Fetal toxoplasmosis

Last revised by Andrew Murphy on 18 Aug 2019

Fetal toxoplasmosis is an in utero infection that results from transplacental transmission and subsequent infection with the organism Toxoplasma gondii. It falls in the TORCH group of infections.

Please refer to congenital cerebral toxoplasmosis for a specific discussion on this condition. 

The incidence is highly variable dependent on individual countries.

The majority of infants (~75%) are asymptomatic. For those symptomatic, the severity of symptoms is related to the trimester of pregnancy when transmission occurred 11:

  • first trimester: fetal death
  • second trimester: retinochoroiditis, microcephaly, and intellectual disability
  • third trimester: lymphadenopathy, hepatosplenomegaly, eye injuries, and brain calcifications

Fetal transmission occurs in ~40% of cases where the primary maternal infection is acquired during pregnancy 3. Transmission of infection acquired prior to conception is uncommon and in most cases, infection is transmitted in the 3rd trimester. In ~10% cases the infection tends to be severe.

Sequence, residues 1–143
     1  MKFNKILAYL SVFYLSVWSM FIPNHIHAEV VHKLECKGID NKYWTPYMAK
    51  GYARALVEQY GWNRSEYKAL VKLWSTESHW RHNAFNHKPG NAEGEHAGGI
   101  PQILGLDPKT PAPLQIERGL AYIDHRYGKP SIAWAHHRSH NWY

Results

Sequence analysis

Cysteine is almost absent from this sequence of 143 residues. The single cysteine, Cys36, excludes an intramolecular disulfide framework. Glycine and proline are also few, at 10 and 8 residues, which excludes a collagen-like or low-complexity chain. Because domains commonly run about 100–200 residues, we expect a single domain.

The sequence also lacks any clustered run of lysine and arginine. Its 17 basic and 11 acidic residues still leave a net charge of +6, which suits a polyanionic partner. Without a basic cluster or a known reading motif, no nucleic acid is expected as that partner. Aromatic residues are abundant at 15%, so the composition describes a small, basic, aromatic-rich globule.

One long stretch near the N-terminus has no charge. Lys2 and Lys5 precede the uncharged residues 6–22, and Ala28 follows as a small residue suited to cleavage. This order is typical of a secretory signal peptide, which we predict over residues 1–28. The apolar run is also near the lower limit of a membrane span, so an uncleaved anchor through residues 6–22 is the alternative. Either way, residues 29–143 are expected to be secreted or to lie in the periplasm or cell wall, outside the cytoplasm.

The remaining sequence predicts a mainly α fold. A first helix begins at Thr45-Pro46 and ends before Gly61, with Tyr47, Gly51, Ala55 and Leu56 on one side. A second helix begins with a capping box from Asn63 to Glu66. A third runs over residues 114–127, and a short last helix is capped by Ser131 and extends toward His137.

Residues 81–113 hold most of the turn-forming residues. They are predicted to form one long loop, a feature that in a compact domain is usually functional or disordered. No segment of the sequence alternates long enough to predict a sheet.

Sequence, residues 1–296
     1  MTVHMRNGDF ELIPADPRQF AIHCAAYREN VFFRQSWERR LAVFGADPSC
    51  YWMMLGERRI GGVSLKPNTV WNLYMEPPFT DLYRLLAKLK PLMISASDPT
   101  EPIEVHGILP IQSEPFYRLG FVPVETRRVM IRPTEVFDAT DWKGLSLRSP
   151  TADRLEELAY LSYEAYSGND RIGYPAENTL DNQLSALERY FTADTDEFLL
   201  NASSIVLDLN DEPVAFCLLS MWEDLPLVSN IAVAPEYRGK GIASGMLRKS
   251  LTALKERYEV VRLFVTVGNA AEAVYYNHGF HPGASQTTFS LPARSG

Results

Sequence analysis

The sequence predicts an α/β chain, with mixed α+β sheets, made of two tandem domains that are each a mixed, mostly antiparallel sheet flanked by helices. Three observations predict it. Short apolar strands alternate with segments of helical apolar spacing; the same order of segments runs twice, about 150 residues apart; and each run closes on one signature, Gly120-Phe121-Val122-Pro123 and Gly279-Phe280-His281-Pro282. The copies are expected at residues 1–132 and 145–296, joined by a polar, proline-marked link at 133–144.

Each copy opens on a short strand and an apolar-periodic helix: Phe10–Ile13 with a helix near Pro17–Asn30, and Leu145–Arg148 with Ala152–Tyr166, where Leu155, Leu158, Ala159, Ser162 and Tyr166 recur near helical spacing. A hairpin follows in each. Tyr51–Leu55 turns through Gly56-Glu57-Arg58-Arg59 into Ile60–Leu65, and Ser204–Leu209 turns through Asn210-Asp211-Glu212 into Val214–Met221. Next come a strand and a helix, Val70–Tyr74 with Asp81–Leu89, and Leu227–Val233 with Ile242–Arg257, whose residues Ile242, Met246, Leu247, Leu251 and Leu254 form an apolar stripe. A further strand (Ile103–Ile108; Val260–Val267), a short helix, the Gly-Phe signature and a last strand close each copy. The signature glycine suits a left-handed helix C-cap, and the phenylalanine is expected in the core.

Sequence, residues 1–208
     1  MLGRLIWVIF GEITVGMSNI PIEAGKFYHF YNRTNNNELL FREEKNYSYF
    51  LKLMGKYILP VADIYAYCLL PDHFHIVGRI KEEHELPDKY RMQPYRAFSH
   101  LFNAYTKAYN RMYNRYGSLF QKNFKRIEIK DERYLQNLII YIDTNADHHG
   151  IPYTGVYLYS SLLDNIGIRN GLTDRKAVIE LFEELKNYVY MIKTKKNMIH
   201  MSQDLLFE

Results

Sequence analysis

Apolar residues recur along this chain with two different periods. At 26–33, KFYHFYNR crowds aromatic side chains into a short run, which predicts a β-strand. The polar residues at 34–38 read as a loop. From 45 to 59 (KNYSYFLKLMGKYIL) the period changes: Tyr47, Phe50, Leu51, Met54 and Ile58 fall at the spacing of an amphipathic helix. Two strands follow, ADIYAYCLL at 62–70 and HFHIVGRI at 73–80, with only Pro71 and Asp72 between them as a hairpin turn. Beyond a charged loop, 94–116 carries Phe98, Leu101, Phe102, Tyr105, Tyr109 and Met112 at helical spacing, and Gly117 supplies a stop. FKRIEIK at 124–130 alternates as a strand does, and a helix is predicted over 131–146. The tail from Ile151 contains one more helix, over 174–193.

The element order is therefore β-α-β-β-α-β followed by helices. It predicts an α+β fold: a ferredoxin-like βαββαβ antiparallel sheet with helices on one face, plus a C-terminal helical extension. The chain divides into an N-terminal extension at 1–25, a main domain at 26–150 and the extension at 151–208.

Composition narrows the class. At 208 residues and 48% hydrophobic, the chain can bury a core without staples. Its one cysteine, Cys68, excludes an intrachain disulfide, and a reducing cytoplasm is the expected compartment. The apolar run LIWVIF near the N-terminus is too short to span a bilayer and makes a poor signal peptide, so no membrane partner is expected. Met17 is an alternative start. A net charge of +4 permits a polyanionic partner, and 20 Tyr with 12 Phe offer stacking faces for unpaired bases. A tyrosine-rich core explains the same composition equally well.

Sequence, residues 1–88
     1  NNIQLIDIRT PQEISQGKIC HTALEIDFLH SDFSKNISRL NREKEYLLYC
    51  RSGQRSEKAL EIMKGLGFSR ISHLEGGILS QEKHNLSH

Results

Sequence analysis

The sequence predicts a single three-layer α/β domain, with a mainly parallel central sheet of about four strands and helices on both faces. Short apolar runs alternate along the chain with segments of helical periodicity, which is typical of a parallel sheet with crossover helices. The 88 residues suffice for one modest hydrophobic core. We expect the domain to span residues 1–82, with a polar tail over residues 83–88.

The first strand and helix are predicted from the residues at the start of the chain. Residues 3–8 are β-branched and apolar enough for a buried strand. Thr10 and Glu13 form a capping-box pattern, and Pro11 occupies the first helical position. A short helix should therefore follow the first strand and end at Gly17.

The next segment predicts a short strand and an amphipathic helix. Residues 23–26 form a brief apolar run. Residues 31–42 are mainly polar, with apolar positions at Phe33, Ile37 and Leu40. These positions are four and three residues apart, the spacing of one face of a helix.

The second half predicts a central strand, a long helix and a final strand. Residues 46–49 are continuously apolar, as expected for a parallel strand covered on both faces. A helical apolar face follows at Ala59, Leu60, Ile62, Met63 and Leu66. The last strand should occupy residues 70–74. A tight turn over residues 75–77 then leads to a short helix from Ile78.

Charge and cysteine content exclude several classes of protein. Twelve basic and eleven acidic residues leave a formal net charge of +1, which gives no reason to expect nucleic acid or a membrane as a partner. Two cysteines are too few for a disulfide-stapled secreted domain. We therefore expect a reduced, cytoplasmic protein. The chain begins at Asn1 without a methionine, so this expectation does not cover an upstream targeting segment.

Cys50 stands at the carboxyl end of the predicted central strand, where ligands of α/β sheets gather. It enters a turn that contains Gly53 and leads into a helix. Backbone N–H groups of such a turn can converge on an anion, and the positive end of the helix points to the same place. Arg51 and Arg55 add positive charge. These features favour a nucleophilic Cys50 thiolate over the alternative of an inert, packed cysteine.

It classically gives a triad of (affected in ~80% 3):

  • PCR test on amniotic fluid: more specific 7
  • cordocentesis for the detection of T. gondii-specific IgM antibodies: usually detectable after 20 weeks of gestation

Intracranial findings that may be present sonographically include:

There may also be the presence of microcephaly.

See: congenital cerebral toxoplasmosis

Other findings include:

  • development of fetal hydrops
  • after birth late sequelae: mainly ocular and neurological

Treatment involves maternal therapy with medications such as spiramycin +/- sulfadiazine +/- pyrimethamine depending on gestational age and the infective status of the fetus. Prognosis is variable dependant on fetal CNS manifestations. Long term disability can occur with intellectual disability and blindness. Overall mortality can be as high as 12% 10

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